First of all, I have been so turned around lately with everything that is going on that I almost forgot I have a Harlequin Historical Undone story out in August!!!! Unlacing The Lady in Waiting is set at the court of Mary Queen of Scots, and was so much fun to write, so I’m excited to see it out now, and with such a yummy cover. (see more info and how to order here…) I’ll talk more about it next Tuesday and give away a free download!
And lately I have been reading every non-fiction book I can find about the Victorian era for my next Laurel McKee series (book one, One Naughty Night will be out in June 2012…), and right now I’m in the middle of a great read. Pleasure Bound: Victorian Sex Rebels and the New Eroticism by Deborah Lutz is one of the works that has really opened my eyes to the truth of the period, which belies its rule-bound surface and myths and shows the bubbling cauldron of massive change and rebellion underneath, personified by artists, poets, and explorers like Dante Gabriel Rosetti and Richard Burton (among others). It’s fascinating stuff, and perfect for my research on a series that centers around an artsy, scandalous family that stands just outside the reach of propriety.
From the cover copy: In this stunning expose of the Victorian London we thought we knew, Lutz takes us beyond the eyebrow-raising practices of these sex rebels, revealing how they uncovered troubles that ran beneath the surface of the larger social fabric; the struggle for women’s emancipation, the dissolution of formal religions, and the pressing need for new forms of sexual expression.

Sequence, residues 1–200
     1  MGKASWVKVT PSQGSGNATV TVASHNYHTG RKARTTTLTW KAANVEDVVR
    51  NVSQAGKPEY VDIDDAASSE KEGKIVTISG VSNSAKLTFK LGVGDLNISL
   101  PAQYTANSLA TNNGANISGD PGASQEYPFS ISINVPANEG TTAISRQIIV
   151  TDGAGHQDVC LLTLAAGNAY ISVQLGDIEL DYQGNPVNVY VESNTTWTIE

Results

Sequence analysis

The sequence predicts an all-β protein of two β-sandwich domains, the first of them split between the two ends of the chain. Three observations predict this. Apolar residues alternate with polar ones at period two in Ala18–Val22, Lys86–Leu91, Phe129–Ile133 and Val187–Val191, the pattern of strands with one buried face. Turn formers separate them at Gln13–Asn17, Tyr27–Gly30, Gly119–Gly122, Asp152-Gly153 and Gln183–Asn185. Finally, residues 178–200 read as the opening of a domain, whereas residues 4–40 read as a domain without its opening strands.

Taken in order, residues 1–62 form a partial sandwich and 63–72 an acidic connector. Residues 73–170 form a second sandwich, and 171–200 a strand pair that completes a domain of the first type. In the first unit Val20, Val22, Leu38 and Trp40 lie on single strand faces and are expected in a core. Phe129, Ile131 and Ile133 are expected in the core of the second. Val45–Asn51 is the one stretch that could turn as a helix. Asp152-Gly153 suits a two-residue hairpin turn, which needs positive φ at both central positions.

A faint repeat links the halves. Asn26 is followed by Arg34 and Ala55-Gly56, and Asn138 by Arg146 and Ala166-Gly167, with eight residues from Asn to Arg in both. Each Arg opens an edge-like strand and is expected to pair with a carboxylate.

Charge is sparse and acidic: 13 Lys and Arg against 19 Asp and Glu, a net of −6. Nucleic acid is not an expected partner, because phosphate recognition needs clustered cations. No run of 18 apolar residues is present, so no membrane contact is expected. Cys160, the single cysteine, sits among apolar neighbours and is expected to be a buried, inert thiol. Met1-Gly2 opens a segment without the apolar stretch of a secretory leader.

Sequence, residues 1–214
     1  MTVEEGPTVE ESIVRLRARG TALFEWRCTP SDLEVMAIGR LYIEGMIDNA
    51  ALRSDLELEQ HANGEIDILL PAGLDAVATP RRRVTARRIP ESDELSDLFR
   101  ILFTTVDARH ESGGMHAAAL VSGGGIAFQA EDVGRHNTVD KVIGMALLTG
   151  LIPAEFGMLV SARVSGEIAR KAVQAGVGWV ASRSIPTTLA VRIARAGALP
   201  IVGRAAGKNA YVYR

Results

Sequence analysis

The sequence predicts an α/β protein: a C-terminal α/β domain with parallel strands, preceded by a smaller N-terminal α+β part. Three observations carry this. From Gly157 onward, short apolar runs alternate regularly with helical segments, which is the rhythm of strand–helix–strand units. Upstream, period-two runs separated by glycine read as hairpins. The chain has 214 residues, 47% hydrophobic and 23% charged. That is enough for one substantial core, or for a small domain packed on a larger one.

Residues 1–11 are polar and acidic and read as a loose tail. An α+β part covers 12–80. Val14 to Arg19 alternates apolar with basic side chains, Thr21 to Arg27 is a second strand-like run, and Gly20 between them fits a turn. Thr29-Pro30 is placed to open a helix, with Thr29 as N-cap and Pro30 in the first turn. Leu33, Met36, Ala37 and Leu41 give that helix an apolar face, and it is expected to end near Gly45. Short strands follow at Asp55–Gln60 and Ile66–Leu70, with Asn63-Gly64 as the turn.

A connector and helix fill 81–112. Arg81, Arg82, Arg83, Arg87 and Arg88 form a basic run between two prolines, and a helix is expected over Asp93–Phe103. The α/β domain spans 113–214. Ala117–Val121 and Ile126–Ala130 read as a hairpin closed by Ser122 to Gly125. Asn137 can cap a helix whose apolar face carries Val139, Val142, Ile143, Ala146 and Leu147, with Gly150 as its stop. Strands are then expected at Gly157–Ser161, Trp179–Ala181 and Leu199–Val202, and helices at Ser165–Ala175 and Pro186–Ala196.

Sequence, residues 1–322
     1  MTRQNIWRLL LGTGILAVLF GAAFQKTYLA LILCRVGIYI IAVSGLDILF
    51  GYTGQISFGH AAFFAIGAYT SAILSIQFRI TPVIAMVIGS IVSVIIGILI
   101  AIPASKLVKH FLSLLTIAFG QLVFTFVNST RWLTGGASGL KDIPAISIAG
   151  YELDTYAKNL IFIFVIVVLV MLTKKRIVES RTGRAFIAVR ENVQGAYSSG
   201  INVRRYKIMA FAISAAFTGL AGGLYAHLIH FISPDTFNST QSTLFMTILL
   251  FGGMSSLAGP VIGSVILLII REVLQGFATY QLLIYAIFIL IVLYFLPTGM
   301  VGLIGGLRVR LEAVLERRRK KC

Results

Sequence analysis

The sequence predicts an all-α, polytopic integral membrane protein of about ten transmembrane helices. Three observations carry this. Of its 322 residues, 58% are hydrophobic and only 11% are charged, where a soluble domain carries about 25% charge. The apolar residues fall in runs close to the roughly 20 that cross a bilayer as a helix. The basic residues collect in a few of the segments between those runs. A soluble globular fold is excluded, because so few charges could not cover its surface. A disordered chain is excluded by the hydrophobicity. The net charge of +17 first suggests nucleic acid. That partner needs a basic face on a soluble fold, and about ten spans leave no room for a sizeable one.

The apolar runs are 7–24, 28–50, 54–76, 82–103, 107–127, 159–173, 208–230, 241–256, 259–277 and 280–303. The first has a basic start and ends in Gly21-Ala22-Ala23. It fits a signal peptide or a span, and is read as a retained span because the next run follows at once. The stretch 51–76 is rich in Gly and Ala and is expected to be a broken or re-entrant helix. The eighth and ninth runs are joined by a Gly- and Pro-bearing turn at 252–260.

I especially enjoy the way the author describes the many figures of this movement in a way that brings them to life and centers them in their world. One especially fascinating person I don’t know a great deal about (except for her appearance in paintings) is Jane Morris, wife of William Morris and lover of Rossetti and others: She fashioned herself into a bold character, making living a creative act…Jane too could play at Byronism. Taking the part of a mysterious, gravely silent cipher, she seemed to others to hide a brooding interior and a tormented, unknowable past. She topped it off with a secret sexual life, unusual for a woman of her time. Designing, dying, and sewing her own clothes, Janey shunned the current ultra-feminine fashions with their crinolines, corsets, and bustles for medieval art robes….
And, since it is yet another day of 100+ temps here and my mind seems friend along with my lawn (and because I just like them), let’s look at some pretty Pre-Raphaelite paintings!
Do you enjoy the Pre-Raphaelites? What’s your favorite painting by them? Anything surprising about history you’ve discovered through reading? And how are you staying out of the heat?? (I finally got to see the new Harry Potter movie this weekend–it was fabulous, but a little sad it’s all over now…)